Why politicians around the world are getting on the radical love train
Updated: Jul 18, 2019
Populism of the most hateful sort has had a baleful presence in the headlines for the past two years, but now a very different political perspective is challenging it, without animus. It’s called “radical love” and had its first electoral win on June 23, when Ekrem Imamoglu was elected mayor of Istanbul, Turkey’s largest city.
However, much before then, on the other side of the world, US Senator Cory Booker was speaking of “radical love”. Mr Booker, who represents the state of New Jersey, is one of the crowded field of Democratic Party candidates seeking to replace Donald Trump in the White House. He has chosen to do it by talking of a new way of politics. And in the days since Mr Imamoglu’s stupendous victory in Turkey’s financial capital, a UK-based political platform called The Alternative has been talking up the idea. It has expressed admiration for “the emotional, poetic language that’s being used in the radical love strategy” in Turkey and suggests it could have powerful appeal in a country polarised by Brexit.
So, what is radical love and can it really remake politics? In itself, it is an attractive concept. In Istanbul, radical love radiated a message of optimism and undiscriminating regard for everyone — including voters with a propensity to support Turkey’s long-time president Recep Tayyip Erdogan. Mr Imamoglu’s campaign steadfastly eschewed criticism of Mr Erdogan’s authoritarian tendencies, his divisiveness, fear-mongering and repeated onslaughts on Turkey’s institutions and on the checks and balances of Turkish democracy.
Instead, Mr Imamoglu took an upbeat approach and the Republican People’s Party steered a determinedly high-minded path. It was described by the party’s national campaign manager Ates Ilyas Bassoy as follows: “We had two simple rules: ignore Erdogan and love those who love Erdogan. The whole strategy depended on this.” In fact, that was the core message of Mr Bassoy’s Radical Love Book, which was distributed to party activists some months ago and stressed the need to let go of “the language of rage” and speak the “language of love”.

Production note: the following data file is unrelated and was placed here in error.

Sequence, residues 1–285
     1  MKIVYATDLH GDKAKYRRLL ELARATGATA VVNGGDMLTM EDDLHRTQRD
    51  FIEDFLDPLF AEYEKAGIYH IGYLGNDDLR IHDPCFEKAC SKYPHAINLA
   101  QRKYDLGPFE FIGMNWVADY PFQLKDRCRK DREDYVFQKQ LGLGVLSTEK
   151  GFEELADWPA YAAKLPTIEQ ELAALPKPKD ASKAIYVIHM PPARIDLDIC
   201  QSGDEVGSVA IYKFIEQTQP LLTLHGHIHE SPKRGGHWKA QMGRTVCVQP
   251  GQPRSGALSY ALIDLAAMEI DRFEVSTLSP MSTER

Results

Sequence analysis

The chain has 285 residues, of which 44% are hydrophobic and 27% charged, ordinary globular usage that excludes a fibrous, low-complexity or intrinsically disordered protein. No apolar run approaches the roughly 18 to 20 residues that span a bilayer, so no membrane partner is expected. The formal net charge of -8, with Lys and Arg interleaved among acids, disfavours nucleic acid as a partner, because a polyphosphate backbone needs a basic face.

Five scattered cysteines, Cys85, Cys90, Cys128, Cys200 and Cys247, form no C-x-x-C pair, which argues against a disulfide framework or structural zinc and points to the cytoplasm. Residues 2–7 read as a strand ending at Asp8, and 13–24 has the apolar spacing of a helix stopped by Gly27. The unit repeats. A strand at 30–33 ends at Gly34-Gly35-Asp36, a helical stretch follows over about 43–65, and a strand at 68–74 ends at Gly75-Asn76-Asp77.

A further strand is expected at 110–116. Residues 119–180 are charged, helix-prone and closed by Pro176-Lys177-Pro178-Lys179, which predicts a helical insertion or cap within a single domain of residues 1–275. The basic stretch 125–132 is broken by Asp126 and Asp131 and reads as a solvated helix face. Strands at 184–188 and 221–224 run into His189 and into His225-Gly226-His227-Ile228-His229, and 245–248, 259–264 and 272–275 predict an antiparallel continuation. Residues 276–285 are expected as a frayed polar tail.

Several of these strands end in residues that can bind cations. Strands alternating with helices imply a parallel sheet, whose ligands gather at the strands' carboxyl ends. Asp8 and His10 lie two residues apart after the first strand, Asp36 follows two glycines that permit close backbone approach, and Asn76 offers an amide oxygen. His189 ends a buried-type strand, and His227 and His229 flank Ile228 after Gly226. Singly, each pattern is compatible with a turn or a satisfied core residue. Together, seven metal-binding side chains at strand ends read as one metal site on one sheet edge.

In the US, Mr Booker’s campaign of radical love has been similarly focused on what he calls the “revival of civic grace, having a more courageous empathy” and recognition that America is a country of “common interests and common pain”.
In the UK, The Alternative says it wants to bring about “a friendly revolution” in response to the “broader forces and trends, which are (intentionally) coarsening citizens’ responses to each other”. The Alternative says it is inspired by and associated with Denmark’s green political party Alternativet, founded six years ago as a “generous, action-oriented” organisation.
Clearly, radical love is beyond reproach as a philosophy of life. But can it really be a powerful political force? Isn’t it so anodyne as to be no more than a distillation of well-worn lectures on civics and brotherly love? After all, Mr Imamoglu’s emphatic win could be ascribed just as easily to factors other than radical love. Turkey is suffering the effects of rampant inflation, flagging growth and currency collapse, and there is a marked dissatisfaction with the president. There were also a number of missteps by Mr Erdogan’s governing Justice and Development Party in its approach to the local elections in March and the June re-run of the Istanbul mayoral ballot.
Sceptics could also point to radical love’s apparent failure in India, where the general election ended a few weeks ago with a second-term win for the Hindu nationalist prime minister Narendra Modi. Ahead of the polls, opposition leader Rahul Gandhi made a point of hugging his rival and speaking of his “love” for him. If that was radical love, it didn’t work for Mr Gandhi. So, does India tell us anything about its limitations as a political strategy?
Not really. If anything, Mr Gandhi’s election defeat may show that radical love can only succeed if it is sincere and wholehearted. Unlike Mr Imamoglu and the Turkish opposition, Mr Gandhi, his Congress party and political allies railed at Mr Modi and spoke in polarising terms about the Bharatiya Janata Party. Nor did they offer a compelling alternative political vision.
In the US, just as in Turkey, Mr Booker has been stressing the need for “fierce, ferocious love”. Rather than talk in a way that “slices and divides” the US, he has been listening to Trump supporters. In one of his anecdotes he talked to “a guy with a Make America Great Again shirt in a diner in Iowa… and spoke to his pain.” Mr Booker’s presidential campaign is yet to catch fire. But already there are signs his radical love message is having some impact, at least within the political class.
David Applefield, a Democrat running for Congress from a district in Mr Booker’s state, says he reminds himself daily of Martin Luther King’s words: “I have also decided to stick with love, for I know that love is ultimately the only answer to humankind’s problems.”
Win or not, radical love introduces into politics something that Berkeley sociology professor Arlie Hochschild calls “emotion work”. Ms Hochschild, who wrote a bestselling study of the American right, says radical love is “about mastering a temporary suspension of self — not a suspension of moral commitment, but of self…”
In many parts of the world, it may be the only way to transcend the politics of hate, divisiveness and fear.